2 items from 2017
The first season of Netflix's A Series of Unfortunate Events is littered with Easter eggs that every major fan will excitedly gobble up. However, while most of those allude to the Asoue book series, there is a whole slew of additional Easter eggs that reference other famous works of fiction. Easily missed, these literary references can be found in character names, settings, witty dialogue, and more. Take a look below to see the ones we spotted! The Bad Beginning (Episodes one and two) The last name Baudelaire is a nod to 19th century French poet Charles Baudelaire. His most notable work is a collection of poems entitled Les Fleurs de Mal, or The Flowers of Evil, which considered how to find the beauty in miserable circumstances. Furthermore, one of the poems in the collection is titled "La Beatricé," which could be where the Baudelaire's matriarch got her name. Mr. Poe »
- Shyla Watson
When Ian Hecox and Anthony Padilla first joined YouTube, they each received a free iPod nano from the site for signing up. Over ten years later, and Smosh, the channel they named after a junior high inside joke, is the sixth most subscribed channel on YouTube — just after Rihanna’s Vevo, but before Taylor Swift’s.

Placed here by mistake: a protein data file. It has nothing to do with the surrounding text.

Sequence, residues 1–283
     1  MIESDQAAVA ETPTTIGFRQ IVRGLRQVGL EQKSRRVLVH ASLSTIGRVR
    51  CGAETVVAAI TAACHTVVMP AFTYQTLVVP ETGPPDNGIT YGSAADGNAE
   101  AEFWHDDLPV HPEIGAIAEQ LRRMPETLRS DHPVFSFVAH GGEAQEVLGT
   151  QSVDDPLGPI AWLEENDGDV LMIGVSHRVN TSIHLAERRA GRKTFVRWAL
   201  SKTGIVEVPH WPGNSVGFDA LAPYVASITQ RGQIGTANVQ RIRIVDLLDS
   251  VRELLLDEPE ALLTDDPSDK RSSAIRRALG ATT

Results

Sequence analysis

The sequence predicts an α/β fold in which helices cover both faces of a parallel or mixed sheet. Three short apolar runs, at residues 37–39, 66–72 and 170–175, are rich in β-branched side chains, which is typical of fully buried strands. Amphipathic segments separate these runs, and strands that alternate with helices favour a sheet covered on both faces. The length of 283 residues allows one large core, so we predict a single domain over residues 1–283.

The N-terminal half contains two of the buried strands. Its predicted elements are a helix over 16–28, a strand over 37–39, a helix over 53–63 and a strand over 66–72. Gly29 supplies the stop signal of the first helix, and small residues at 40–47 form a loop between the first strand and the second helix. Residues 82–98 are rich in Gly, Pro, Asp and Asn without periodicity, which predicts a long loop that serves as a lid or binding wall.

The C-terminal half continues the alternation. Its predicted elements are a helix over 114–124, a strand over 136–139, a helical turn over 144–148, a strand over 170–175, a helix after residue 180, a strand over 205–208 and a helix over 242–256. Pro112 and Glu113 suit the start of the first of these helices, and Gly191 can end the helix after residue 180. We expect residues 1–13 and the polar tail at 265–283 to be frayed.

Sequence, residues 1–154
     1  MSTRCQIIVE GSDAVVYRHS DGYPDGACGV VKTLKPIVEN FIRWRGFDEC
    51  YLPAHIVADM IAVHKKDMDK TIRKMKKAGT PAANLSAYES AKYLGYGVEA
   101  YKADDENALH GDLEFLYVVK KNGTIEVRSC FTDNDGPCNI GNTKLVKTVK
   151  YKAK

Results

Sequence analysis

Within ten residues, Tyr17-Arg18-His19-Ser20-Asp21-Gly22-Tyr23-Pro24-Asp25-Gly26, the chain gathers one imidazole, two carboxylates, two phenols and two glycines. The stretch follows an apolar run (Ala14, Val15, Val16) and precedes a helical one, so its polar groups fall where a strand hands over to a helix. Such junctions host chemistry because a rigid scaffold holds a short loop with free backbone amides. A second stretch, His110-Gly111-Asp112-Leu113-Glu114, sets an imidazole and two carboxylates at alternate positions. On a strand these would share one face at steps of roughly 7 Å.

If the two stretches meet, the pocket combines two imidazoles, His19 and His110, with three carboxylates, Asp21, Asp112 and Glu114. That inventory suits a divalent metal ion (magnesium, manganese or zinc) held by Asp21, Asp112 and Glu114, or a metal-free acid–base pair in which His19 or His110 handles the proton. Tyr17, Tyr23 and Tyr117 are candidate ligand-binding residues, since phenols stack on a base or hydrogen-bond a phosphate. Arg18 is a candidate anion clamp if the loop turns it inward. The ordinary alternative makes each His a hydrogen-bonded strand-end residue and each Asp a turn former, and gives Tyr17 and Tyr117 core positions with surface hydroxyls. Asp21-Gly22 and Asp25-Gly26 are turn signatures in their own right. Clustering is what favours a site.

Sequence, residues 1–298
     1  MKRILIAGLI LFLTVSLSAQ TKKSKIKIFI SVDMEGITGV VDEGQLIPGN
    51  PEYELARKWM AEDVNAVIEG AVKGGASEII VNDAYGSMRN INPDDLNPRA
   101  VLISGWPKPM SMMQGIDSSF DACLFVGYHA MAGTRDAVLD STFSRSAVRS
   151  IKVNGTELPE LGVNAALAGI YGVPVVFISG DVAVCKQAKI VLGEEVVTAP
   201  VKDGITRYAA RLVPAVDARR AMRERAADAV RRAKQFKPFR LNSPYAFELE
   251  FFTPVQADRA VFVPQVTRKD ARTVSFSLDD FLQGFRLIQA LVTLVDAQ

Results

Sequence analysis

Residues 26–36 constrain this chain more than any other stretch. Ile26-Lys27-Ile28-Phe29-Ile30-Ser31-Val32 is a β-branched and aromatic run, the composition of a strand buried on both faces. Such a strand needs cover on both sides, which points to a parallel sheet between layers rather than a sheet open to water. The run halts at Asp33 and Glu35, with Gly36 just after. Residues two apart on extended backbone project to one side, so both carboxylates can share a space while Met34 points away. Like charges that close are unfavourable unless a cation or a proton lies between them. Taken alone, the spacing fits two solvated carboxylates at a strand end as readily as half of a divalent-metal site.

When they arrived at the IndieWire offices last month to promote their second feature, “Ghostmates,” co-produced by Defy Media and YouTube Red, they each donned crisp black jackets and fresh haircuts. (The latter caused much hubbub from fans during a Facebook live interview.) If “Pokemon In Real Life” is your only Smosh reference point, you might not recognize the sleek young moguls on the screen.
Read More: Smosh Live: The Creators Behind YouTube’s Most Popular Comedy Channel Reveal How They ‘Stay Relevant’
The Smosh empire now consists of 10 related channels, five studio albums, »
- Jude Dry
2 items from 2017
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